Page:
Fueling Athletes to Disease

Michael Shukis

Fueling Athletes to Disease


What if our way of "fueling athletes" is wrong? Maybe we aren't fueling their activity at all. What if we're setting them up for a lifetime of problems instead?

Think about it. What is good about this example of an athlete's diet? Here's a common day-in-the-life: Breakfast is orange juice, waffles, fruit, cereal, and sausage. Their post-training meal is half a gallon of chocolate milk, fruit, granola bars, cheese, protein shakes, and peanut butter and jelly sandwiches (On whole-wheat bread, of course). Their pre-practice snack is a Clif bar or two and Gatorade. More Gatorade during practice. After practice is chicken fingers, burgers, fries, and pasta. And maybe some more fruit—you know, for health reasons. Dinner might be a pizza or pasta buffet.

I don't have all the answers. But there's something wrong with how we're “fueling” athletes. They consume chocolate milk, pasta, pizza, fruit juice, energy chews, recovery drinks, Gatorade, etc. You might be asking what's wrong with this. We're shoveling hundreds of grams of cheap sugar and processed carbohydrates into athletes every day. Is this healthy? Do they really “burn” these calories off? Is this the best way to fuel their activity?

How can we continue kidding ourselves into believing that this is good nutrition? It's a disaster. It isn't quality, it's the cheapest option. We're kidding ourselves if we think a diet full of cheap, processed carbohydrates is good "fuel" for athletes. It's the easiest and cheapest option. (How convenient, I know). And then schools wonder why they fail. Too many easy choices never make things right. We're setting a bad example for young people to follow.

This all makes me question what we're doing. Maybe athletes don't need this insane amount of sugar. Just because athletes can eat crap for a few years doesn't mean they should.

There's no debating that athletes need a lot of food for energy. They practice, play games, and have school work to do. But do they need endless amounts of this so-called “fuel?” Unfortunately, we've chosen to provide quantity instead of quality.

On top of setting a bad example, we're also setting kids up to fail after graduation. Let's be honest-90% of athletes aren't playing professional sports. So, how do you think they're going to eat when they graduate? Is there diet magically going to switch from pizza and Gatorade to meat and vegetables? Obviously not.

But, you see, the real problem is that we-as an industry-just don't care. We say we do. We tell the cameras that we're here for the “student-athlete experience.” We share our love of helping young people. We say all the right things. And they sound wonderful. But we're full of hot air. These are lies.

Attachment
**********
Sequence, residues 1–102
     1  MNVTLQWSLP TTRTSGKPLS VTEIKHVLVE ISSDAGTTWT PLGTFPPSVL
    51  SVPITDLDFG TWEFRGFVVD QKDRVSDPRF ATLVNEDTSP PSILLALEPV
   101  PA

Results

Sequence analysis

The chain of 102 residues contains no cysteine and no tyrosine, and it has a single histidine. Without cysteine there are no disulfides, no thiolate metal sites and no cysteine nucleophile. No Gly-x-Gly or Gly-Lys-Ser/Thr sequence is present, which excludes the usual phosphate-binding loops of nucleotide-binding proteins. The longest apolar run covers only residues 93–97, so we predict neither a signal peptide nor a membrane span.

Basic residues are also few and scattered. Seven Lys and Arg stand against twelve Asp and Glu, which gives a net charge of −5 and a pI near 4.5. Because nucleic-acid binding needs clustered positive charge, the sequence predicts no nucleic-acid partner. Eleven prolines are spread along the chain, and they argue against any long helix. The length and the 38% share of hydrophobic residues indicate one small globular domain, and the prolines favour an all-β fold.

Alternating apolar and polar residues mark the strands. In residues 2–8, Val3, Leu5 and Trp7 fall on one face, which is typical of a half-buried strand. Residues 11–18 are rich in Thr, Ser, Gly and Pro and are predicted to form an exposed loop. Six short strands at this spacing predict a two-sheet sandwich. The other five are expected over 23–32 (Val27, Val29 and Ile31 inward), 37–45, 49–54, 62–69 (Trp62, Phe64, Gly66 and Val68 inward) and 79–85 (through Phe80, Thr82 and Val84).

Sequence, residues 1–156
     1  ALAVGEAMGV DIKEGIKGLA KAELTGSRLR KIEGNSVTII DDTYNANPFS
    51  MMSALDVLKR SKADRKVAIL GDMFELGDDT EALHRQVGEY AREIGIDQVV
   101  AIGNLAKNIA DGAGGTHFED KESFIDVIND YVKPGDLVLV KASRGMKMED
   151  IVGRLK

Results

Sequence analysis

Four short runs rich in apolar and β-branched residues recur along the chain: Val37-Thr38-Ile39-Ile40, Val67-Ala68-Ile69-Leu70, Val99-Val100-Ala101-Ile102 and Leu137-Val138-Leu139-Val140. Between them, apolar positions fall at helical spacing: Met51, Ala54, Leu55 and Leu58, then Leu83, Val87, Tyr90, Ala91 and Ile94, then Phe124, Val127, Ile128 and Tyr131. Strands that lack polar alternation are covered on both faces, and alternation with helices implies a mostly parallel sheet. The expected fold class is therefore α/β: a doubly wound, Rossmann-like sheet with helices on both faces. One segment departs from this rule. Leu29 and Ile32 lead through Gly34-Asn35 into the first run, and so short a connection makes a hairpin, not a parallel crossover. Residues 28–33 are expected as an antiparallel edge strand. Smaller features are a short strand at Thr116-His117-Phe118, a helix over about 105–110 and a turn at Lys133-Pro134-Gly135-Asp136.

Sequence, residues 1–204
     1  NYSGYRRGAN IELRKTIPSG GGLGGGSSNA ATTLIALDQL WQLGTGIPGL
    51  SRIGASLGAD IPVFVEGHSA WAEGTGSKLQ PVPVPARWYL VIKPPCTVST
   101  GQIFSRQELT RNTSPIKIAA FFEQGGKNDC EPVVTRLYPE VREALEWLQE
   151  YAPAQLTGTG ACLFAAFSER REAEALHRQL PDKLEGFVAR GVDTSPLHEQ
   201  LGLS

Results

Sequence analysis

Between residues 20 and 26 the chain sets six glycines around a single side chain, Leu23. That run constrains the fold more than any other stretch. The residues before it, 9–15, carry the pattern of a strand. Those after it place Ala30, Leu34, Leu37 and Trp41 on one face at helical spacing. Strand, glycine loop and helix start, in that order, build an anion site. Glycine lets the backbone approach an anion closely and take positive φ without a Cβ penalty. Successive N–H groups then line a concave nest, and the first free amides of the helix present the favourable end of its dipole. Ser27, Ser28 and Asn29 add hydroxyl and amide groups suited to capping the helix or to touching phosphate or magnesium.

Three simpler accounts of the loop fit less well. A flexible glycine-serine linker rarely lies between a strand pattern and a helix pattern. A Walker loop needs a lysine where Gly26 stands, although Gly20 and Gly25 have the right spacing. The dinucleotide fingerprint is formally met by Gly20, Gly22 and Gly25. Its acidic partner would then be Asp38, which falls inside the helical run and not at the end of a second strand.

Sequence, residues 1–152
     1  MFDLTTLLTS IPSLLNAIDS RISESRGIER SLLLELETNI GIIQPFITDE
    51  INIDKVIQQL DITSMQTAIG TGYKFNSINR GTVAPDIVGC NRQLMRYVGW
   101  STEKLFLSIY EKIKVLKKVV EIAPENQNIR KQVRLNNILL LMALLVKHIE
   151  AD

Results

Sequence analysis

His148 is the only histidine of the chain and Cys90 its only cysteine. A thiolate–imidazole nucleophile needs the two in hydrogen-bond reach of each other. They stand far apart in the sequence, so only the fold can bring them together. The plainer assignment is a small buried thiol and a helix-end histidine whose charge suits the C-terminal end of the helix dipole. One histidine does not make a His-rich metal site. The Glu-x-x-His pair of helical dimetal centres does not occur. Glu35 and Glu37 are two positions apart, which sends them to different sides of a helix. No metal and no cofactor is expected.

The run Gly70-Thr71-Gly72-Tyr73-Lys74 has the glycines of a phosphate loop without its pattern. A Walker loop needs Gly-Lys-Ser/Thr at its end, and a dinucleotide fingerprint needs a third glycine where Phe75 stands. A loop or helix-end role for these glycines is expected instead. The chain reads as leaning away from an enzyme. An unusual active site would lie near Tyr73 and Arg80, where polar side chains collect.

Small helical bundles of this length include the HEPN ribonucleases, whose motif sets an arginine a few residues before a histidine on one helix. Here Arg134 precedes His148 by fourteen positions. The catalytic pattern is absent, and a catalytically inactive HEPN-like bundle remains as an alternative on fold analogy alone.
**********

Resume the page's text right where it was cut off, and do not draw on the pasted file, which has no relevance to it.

People like to claim that the “student-athlete experience” is their motivation. They talk about developing students into mature adults. And they say they're driven to help young people. Is feeding students cheap sugar every day helping them? Do mature adults eat a breakfast of waffles, orange juice, and Frosted Flakes? Shouldn't we help them make the right choice, not the easy one?

Actions speak louder than words. We can say we care about the student-athlete experience, but the only example you need is how we feed young people. Food is arguably the most important aspect of a quality life. Along with sleep, exercise, and stress management, food is on top of the list. If we are here to provide a good student-athlete experience, shouldn't high quality food be the focus?

Let's stop pretending to care. Start helping people. Teach them how to eat by providing good options. Don't make easy or convenient choices. Quality must run deep throughout any organization.

Nutrition makes a big difference in life. It affects our health, how we feel, and how we perform. But the way we "fuel" athletes is a total disaster. A dumpster fire, if you will.

Don't make easy and convenient choices; make the right ones. Choose quality over quantity. Help athletes develop good habits. Educate them on good food choices. Supply what's best, not what's easiest and cheapest.

Our job is not to give athletes what they want; it's to give them what they need. We're supposed to be the examples. We're here to help them, right? Remember the student-athlete experience we talked about earlier? This is how you provide a good one. Providing quality food options sets people up for a lifetime of success. Remember: these are young people we are leading. Take the sport out of the equation.

Start being the example you're supposed to be. And stop the madness. No more pizzas, pastas, Gatorades, and granola bars. Start with real food. It might take some effort and money. But that's okay. There's plenty of that to go around.

tags: nutrition

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